OMRF welcomes Putnam City junior scientists

2 months ago
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OKLAHOMA CITY — Most people know that no two humans have the same DNA. But did you realize that’s true for strawberries, too?

That was one lesson learned by fifth-graders Zunaira Guffer and Henrietta Robinson, two of about 30 Putnam City Schools students who conducted science experiments this week at the Oklahoma Medical Research Foundation.

OMRF hosted the students Tuesday and Wednesday for Junior Scientist Days, an annual event that gives Putnam City students a chance to meet researchers and try hands-on experiments in OMRF’s labs.

The event dates to 1979, soon after the district created the Putnam City Cancer Drive and designated OMRF as the beneficiary. Since then, students, teachers and parents have raised nearly $4 million for cancer research at OMRF. Junior Scientist Days is an opportunity to thank the district and encourage students to pursue a science career.

Teachers select one student per school, using criteria ranging from essays to classroom performance to interest in science. Students are paired with one of a dozen OMRF scientists, each of whom picks their own experiment.

Scientist Audrey Cleuren, Ph.D., chose the fruit DNA project. Zunaira and Henrietta pulverized two strawberries and mixed the resulting pink goo with salt, liquid dish soap, rubbing alcohol and purified water. They then used specialized lab equipment to mix the concoction into the perfect consistency to make the DNA visible.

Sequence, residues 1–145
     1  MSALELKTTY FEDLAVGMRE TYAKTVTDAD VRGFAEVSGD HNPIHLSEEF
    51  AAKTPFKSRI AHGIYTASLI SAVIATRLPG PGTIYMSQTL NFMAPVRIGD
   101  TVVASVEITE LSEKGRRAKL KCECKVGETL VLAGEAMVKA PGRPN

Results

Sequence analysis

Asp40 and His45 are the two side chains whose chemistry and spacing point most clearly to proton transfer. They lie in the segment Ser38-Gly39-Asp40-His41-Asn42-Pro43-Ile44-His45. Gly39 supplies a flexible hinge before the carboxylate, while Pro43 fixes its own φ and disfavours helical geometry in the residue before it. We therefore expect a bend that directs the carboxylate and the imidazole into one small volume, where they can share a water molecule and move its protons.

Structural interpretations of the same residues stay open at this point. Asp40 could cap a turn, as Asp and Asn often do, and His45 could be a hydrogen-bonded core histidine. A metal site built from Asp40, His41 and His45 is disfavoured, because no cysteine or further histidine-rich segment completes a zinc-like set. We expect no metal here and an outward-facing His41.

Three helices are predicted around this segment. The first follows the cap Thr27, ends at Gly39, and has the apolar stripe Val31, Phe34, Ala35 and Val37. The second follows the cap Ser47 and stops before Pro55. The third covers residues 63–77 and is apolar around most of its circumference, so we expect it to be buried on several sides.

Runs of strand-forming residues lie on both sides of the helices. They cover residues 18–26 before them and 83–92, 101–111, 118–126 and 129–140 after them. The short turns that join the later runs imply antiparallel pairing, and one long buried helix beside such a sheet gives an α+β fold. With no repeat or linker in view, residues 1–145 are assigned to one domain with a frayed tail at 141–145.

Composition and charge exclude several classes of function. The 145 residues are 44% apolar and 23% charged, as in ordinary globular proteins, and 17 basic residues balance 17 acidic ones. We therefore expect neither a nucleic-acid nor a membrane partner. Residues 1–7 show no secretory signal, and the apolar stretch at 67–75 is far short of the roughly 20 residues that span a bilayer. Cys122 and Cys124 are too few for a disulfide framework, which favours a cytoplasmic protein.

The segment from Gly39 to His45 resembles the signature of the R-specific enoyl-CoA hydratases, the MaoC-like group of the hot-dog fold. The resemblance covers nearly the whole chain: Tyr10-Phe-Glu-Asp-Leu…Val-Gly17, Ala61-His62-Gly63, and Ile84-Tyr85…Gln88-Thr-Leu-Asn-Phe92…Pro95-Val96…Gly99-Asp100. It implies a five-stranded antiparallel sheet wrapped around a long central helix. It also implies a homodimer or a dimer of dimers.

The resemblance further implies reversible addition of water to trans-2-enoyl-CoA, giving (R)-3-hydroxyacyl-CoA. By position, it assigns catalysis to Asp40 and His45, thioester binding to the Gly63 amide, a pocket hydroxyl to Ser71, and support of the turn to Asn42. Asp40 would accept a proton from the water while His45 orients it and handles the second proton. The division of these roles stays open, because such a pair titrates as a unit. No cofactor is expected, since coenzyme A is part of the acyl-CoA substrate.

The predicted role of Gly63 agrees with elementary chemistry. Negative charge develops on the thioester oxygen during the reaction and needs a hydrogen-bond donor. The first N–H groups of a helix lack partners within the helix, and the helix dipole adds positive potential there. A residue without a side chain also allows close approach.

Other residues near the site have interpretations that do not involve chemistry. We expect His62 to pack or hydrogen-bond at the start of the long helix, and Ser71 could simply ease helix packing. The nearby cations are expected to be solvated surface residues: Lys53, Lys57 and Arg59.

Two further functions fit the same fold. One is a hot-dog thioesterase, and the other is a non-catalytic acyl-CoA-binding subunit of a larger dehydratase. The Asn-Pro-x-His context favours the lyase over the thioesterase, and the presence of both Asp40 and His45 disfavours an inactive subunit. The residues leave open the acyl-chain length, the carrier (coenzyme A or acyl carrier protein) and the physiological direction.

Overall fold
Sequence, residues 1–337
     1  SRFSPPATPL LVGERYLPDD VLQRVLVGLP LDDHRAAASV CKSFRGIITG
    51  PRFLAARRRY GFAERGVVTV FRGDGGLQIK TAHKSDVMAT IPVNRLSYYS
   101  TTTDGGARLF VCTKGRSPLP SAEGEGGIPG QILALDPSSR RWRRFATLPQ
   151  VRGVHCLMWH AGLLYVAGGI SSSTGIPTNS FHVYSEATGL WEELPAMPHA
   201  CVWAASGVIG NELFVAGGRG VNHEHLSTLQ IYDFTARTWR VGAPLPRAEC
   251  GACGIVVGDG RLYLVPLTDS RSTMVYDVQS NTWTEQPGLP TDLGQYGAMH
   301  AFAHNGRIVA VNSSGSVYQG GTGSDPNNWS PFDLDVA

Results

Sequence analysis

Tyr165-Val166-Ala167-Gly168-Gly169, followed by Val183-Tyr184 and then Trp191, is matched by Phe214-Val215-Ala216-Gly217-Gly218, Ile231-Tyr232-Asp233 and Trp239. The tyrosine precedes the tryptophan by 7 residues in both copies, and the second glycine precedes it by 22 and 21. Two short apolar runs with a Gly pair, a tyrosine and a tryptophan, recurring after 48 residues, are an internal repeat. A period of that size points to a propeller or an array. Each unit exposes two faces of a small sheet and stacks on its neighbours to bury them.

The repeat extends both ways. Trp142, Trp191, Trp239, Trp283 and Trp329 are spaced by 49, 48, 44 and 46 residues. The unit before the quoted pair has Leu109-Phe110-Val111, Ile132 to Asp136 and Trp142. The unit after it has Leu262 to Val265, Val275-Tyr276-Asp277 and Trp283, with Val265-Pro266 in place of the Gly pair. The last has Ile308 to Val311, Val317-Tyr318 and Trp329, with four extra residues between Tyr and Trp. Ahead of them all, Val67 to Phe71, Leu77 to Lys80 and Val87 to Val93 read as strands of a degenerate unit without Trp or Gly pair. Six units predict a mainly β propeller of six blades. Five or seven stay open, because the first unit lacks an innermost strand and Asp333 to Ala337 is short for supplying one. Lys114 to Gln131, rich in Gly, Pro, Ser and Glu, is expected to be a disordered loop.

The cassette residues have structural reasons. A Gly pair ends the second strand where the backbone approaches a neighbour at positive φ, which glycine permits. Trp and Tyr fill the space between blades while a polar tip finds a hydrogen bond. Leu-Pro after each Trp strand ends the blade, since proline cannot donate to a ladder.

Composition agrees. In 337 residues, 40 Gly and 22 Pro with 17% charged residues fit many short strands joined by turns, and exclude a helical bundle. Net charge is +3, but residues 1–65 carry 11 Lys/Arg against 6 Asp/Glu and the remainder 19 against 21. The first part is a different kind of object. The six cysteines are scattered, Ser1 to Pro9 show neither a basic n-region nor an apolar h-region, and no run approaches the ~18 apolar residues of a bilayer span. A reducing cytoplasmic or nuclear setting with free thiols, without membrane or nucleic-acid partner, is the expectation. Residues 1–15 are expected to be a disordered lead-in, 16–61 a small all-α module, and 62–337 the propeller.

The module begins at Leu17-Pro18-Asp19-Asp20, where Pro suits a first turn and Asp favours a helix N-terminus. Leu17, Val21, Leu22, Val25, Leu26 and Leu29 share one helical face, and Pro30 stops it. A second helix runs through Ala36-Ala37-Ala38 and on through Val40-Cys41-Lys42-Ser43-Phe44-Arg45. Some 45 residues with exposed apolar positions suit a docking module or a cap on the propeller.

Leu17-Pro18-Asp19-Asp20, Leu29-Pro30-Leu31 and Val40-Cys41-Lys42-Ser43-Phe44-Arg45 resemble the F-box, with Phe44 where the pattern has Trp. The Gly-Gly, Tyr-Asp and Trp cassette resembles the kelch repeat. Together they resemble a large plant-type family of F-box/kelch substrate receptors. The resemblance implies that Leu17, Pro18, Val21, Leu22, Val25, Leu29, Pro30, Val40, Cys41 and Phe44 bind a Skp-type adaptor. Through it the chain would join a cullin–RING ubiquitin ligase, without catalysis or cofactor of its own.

“Sometimes science is like being a magician, in that you get to peek behind the curtain and see how an experiment works,” said Cleuren, who, when she’s not helping aspiring scientists analyze the genes of berries, studies the cells that comprise the lining of blood vessels.

“This looks so cool!” exclaimed Zunaira, a student at Ralph Downs Elementary who aspires to be a neuroscientist, as she held a beaker. “This has completely blown away my expectations.”

“I expected it to just be a tour,” added Henrietta, a student at James L. Downs Elementary who imagines she may become a dentist one day. “So, to actually be able to do experiments was great.”

Donations from Putnam City schools have supported numerous OMRF cancer projects over the past five decades. Those include research that led to an experimental brain cancer drug now undergoing clinical trials at the OU Health Stephenson Cancer Center.

“We are in awe of the decades of continuous support we’ve received from the Putnam City School District,” said OMRF’s Katherine Jackson, who coordinates the event. “We look forward to Junior Scientist Days every year, because it reminds us what it’s like to be a kid and see science come alive.”…Read more by Special to The Banner

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